That Narendra Modi softened his rhetoric on Pakistan while delivering his first public address since being declared the Bharatiya Janata Party’s prime ministerial candidate for the 2014 polls, to a rally of ex-servicemen, is plainly obvious.
Not only did he abandon some crowd-pleasing aggression while referring to cross-border terrorism, but he also invoked the idea of diplomacy, referring to Atal Bihari Vajpayee’s efforts and also suggesting that India and Pakistan should work together to fight poverty and hunger.
The Indian Express points out that Modi, “in PM mode”, also stopped short of reiterating the BJP's stand that dialogue with Pakistan be called off.
Not just that, his speech was also perhaps carefully vetted to ensure no anti-minority slur had crept in unnoticed, reported The Hindustan Times. So, discarding comments such as his infamous “burqa of secularism” line, Modi in fact went on to call the country’s armed forces an exemplary symbol of secularism, exhorting the country to learn secularism from the way soldiers practised it.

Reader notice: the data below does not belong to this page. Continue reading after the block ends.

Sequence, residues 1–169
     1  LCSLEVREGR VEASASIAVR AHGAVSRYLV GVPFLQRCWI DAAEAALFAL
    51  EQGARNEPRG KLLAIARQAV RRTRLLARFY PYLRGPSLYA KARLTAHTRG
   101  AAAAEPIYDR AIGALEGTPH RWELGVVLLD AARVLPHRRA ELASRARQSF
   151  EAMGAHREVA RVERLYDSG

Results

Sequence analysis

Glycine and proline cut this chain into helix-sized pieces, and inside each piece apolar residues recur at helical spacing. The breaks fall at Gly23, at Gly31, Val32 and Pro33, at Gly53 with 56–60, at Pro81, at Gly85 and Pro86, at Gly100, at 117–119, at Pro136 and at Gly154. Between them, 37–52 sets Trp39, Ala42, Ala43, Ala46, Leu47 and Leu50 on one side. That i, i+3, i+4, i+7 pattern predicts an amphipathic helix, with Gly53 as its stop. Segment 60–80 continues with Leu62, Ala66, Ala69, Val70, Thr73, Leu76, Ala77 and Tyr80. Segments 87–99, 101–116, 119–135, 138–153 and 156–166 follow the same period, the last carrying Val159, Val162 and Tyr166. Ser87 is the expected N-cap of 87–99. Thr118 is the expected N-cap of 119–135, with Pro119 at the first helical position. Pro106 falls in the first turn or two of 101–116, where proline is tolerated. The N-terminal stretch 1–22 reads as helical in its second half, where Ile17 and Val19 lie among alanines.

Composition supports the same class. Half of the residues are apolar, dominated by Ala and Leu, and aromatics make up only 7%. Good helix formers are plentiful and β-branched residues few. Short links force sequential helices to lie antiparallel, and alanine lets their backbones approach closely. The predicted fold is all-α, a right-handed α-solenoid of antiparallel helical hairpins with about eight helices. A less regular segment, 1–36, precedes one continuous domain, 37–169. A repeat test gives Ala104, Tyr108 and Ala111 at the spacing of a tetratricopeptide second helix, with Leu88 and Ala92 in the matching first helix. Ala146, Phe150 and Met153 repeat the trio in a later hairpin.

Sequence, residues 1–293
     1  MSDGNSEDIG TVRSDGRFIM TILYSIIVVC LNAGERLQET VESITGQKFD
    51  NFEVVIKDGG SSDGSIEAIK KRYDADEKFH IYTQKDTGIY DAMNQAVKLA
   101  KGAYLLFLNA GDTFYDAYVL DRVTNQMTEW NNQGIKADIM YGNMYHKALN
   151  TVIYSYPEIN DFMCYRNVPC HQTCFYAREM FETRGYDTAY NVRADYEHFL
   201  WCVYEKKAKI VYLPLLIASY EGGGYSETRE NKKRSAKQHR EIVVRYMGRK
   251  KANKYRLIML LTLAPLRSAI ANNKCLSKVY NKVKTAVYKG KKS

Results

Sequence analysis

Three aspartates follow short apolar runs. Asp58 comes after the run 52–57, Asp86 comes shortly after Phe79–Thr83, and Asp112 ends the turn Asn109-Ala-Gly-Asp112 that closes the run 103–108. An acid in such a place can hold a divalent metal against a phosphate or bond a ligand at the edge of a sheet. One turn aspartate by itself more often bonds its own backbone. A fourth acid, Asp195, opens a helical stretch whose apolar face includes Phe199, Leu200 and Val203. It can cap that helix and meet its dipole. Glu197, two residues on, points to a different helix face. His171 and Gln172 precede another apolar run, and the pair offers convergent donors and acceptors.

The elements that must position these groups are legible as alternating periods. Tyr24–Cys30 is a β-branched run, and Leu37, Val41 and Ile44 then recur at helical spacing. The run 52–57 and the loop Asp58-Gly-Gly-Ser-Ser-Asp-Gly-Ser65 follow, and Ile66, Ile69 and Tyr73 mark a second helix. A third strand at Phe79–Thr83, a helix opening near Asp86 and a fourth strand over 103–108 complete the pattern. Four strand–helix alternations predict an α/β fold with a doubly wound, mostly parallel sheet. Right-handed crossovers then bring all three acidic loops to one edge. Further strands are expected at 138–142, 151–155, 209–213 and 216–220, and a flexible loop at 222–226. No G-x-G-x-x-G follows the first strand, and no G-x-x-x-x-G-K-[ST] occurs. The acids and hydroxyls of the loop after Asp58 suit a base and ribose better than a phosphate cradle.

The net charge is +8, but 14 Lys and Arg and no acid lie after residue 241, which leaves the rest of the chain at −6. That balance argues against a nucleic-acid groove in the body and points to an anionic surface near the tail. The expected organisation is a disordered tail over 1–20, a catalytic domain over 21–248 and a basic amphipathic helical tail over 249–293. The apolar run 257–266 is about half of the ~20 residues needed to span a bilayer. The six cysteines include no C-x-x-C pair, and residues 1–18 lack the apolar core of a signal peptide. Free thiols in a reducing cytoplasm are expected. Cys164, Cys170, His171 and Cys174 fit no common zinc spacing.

The charisma was there, he had the crowd lustily roaring Vande Mataram, his speech a mix of the personal -- his childhood dream to be a soldier -- and the political.
Writing in The Indian Express, Swapan Dasgupta refers to Modi’s inspirational thrust. A “quasi-presidential campaign” could alter equations, he says, having stated that compared to the rest of the BJP top leadership, Modi alone had the charisma to counter the current electoral mathematics. Speaking to Karan Thapar on CNN-IBN, BJP leader Arun Jaitley made a similar point on Sunday – that 2014 could turn into a “referendum on leadership”.
A couple of hours after the speech, Modi’s Twitter handle posted photographs “sharing glimpses” of the “charged up” crowds in Rewari. “Narendra Modi in Rewari delivers a rousing Prime Ministerial speech, leads from the front,” claimed the newsletter that the tweet linked to. Perhaps that gaffe came from overenthusiastic backroom staffers, but was Sunday afternoon’s hour-long speech Modi’s first address to a national electorate? Not really.
For the past year, the BJP’s biggest national idea has been to disrupt Parliament. What will pass off as an aggressive Opposition may not convince voters, and Modi appeared to have chosen not to correct that image on Sunday.
“While the party may be celebrating the fact that it has stolen a march over its rival the Congress, it will now have to transform itself into a government-in-waiting and its newly anointed leader will have to start thinking nationally,” according to this editorial in The Hindustan Times.
Policy ideas, solutions to the “rupee in hospital” and a more precise description of his governance model or the “surajya” he repeatedly invokes – these were all conspicuously missing on Sunday afternoon.